New Hampshire Income Tax Amendment, CACR 13 (2012)

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Income Tax Amendment
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Type:Legislative referral
Constitution:New Hampshire Constitution
Topic:Taxes
Status:On the ballot
The New Hampshire Income Tax Amendment will appear on the November 6, 2012 ballot in New Hampshire as a legislatively-referred constitutional amendment. The proposed measure, filed as Constitutional Amendment Concurrent Resolution 13, would ban new taxes on personal income.[1]

Currently the state of New Hampshire charges some personal income taxes: the gambling winnings tax that assesses a 10 percent levy on winnings of $600 or more and a 5 percent tax on dividends and interest.[1]

The measure states: "No new tax shall be levied, directly or indirectly, upon a person’s income, from whatever source it is derived."[2]

Current states without a state income tax include: Alaska, Florida, Nevada, South Dakota, Texas, Washington and Wyoming.

Text of the measure

Ballot language

The ballot language that will appear on the ballot reads:[3]

Are you in favor of amending the second part of the constitution by inserting after article 5-b a new article to read as follows:

[Art.] 5-c. [Income Tax Prohibited.] Notwithstanding any general or special provision of this constitution, the general court shall not have the power or authority to impose and levy any assessment, rate, or tax upon income earned by any natural person; however, nothing in this Article shall be construed to prohibit any tax in effect on January 1, 2012, or adjustment to the rate of such a tax.[4]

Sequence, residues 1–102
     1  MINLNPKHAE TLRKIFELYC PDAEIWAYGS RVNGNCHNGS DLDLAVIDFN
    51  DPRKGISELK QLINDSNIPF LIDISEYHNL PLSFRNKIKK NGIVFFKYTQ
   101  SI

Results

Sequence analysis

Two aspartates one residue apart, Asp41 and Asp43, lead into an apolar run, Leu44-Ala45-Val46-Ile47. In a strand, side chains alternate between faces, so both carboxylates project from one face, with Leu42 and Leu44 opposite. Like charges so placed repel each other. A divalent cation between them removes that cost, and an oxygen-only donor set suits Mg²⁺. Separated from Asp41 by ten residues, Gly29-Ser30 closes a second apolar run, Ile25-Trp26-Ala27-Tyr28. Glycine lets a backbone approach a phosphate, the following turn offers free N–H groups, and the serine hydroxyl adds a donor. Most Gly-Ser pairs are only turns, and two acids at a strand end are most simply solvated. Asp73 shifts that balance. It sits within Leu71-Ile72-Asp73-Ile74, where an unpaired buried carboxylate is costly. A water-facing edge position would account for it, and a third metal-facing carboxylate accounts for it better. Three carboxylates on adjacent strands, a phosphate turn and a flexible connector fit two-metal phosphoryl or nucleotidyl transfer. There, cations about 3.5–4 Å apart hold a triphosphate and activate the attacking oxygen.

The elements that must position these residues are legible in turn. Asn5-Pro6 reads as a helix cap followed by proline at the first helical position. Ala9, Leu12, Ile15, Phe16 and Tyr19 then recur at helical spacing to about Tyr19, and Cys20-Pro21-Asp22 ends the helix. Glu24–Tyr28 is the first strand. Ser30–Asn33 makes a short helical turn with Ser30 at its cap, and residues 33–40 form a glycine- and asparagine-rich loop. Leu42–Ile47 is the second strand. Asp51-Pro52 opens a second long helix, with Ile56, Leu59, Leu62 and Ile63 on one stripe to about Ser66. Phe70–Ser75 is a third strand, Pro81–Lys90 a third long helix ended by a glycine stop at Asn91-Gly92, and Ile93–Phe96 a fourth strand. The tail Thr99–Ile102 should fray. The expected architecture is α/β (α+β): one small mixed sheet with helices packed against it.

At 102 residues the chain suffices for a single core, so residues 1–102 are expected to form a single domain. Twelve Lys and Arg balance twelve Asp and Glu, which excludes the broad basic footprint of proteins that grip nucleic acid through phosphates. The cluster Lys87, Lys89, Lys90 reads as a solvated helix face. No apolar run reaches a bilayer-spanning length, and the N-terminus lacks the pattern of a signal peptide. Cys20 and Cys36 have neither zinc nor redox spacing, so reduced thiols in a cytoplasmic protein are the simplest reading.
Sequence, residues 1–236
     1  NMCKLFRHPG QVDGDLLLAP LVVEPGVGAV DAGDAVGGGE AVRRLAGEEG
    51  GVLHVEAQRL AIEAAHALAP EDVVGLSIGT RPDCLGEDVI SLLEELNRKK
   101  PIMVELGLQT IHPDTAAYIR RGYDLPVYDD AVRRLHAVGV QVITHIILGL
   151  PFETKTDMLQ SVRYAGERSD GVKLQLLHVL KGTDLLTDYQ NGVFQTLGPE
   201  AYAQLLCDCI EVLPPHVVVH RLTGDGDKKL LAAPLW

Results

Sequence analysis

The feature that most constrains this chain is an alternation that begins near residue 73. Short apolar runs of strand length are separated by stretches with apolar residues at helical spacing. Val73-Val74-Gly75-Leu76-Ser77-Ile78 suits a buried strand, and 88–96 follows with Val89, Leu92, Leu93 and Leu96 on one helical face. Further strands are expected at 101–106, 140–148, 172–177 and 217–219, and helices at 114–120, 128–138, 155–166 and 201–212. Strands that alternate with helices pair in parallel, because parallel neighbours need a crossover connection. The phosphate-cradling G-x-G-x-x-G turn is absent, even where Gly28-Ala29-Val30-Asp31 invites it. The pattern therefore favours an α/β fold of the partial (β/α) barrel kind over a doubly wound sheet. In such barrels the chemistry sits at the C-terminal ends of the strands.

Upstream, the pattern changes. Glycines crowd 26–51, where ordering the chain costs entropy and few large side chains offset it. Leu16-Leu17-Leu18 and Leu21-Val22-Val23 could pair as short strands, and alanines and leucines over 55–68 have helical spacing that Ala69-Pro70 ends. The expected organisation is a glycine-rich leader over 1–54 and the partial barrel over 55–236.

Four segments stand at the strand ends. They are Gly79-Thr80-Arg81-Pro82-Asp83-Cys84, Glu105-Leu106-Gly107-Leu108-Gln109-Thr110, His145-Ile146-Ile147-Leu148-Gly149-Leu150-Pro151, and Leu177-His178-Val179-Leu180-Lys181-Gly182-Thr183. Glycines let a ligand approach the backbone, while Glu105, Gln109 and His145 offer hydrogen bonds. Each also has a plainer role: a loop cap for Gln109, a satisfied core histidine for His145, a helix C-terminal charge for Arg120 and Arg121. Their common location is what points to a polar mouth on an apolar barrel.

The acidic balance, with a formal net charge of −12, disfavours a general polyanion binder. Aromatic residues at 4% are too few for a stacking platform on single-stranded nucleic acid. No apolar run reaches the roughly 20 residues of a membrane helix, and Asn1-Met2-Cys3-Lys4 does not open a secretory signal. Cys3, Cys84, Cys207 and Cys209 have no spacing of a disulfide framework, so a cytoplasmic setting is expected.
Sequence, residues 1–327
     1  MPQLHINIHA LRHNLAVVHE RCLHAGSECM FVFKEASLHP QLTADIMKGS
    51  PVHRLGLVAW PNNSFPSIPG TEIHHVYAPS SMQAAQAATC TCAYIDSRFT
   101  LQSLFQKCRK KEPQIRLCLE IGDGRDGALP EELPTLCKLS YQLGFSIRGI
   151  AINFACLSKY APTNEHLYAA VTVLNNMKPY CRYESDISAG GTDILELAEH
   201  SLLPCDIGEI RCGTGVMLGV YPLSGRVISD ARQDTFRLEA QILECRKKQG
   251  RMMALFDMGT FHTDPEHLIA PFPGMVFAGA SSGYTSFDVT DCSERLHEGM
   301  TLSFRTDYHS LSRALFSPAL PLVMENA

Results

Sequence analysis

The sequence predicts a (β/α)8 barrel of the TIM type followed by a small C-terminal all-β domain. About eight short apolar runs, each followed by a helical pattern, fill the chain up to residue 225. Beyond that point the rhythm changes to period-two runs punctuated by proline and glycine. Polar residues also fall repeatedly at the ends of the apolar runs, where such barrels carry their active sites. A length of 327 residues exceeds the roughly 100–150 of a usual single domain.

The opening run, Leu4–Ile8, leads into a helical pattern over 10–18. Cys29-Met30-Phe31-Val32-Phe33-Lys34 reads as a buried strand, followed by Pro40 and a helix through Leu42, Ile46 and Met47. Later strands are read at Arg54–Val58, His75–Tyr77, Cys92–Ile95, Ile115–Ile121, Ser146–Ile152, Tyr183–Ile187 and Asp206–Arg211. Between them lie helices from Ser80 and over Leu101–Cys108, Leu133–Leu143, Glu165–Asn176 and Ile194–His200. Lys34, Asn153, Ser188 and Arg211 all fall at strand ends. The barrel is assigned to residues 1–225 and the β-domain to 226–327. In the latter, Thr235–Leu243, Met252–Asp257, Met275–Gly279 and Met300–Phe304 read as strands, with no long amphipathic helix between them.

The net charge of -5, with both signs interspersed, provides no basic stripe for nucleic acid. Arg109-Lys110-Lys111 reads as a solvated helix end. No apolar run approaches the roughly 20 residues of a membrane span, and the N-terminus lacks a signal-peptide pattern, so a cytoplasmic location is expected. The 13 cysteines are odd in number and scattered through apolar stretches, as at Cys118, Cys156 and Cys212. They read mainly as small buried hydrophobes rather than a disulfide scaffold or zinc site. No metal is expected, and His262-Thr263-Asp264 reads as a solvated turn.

Support

House Speaker William O'Brien, who co-sponsored the proposed measure, said, "The point of this amendment is to avoid this state being changed. We're the only state in the Northeast that doesn't charge an income tax, and I want to keep it that way."[1]

"When we’re talking about changing the constitution, we are talking about our legacy. We are one of the last oases where, as a state, your personal income is not taxed," said Rep. Frank Sapareto.[1]

House Republican Leader D.J. Bettencourt, one of the amendment's co-sponsors, said future business taxes would not be affected by the amendment. According to him, the amendment applies only to human beings, not corporations that the law considers "persons."[5]

Opposition

Opponents of the proposed measure argue that the measure is too broadly written and could result in litigation. Rep. Mary Cooney said the amendment leaves too much room for interpretation as to what is included in "a new tax."[6] Additionally, opponents note that the measure may tie lawmakers' hands. Rep. Susan Almy said, "It is trying to make sure you couldn’t put an income tax in but, in the process, it is also stopping probably any future change in business taxes or any future change in any other tax we may have."[2]

Path to the ballot

See also: Amending the New Hampshire constitution

In order for the state legislature to place a proposed constitutional amendment on the statewide ballot, both chambers of the state legislature must approve doing so by a vote in each house of at least 60%. Once any such constitutional amendment is on the ballot, the state's voters must approve it by a 2/3 vote for it to pass.

On January 18, 2012 the New Hampshire House of Representatives voted 257-101 in favor of referring the proposed measure to the 2012 ballot. The measure was subsequently passed by the New Hampshire State Senate and placed on the ballot.[7]

See also

External links

References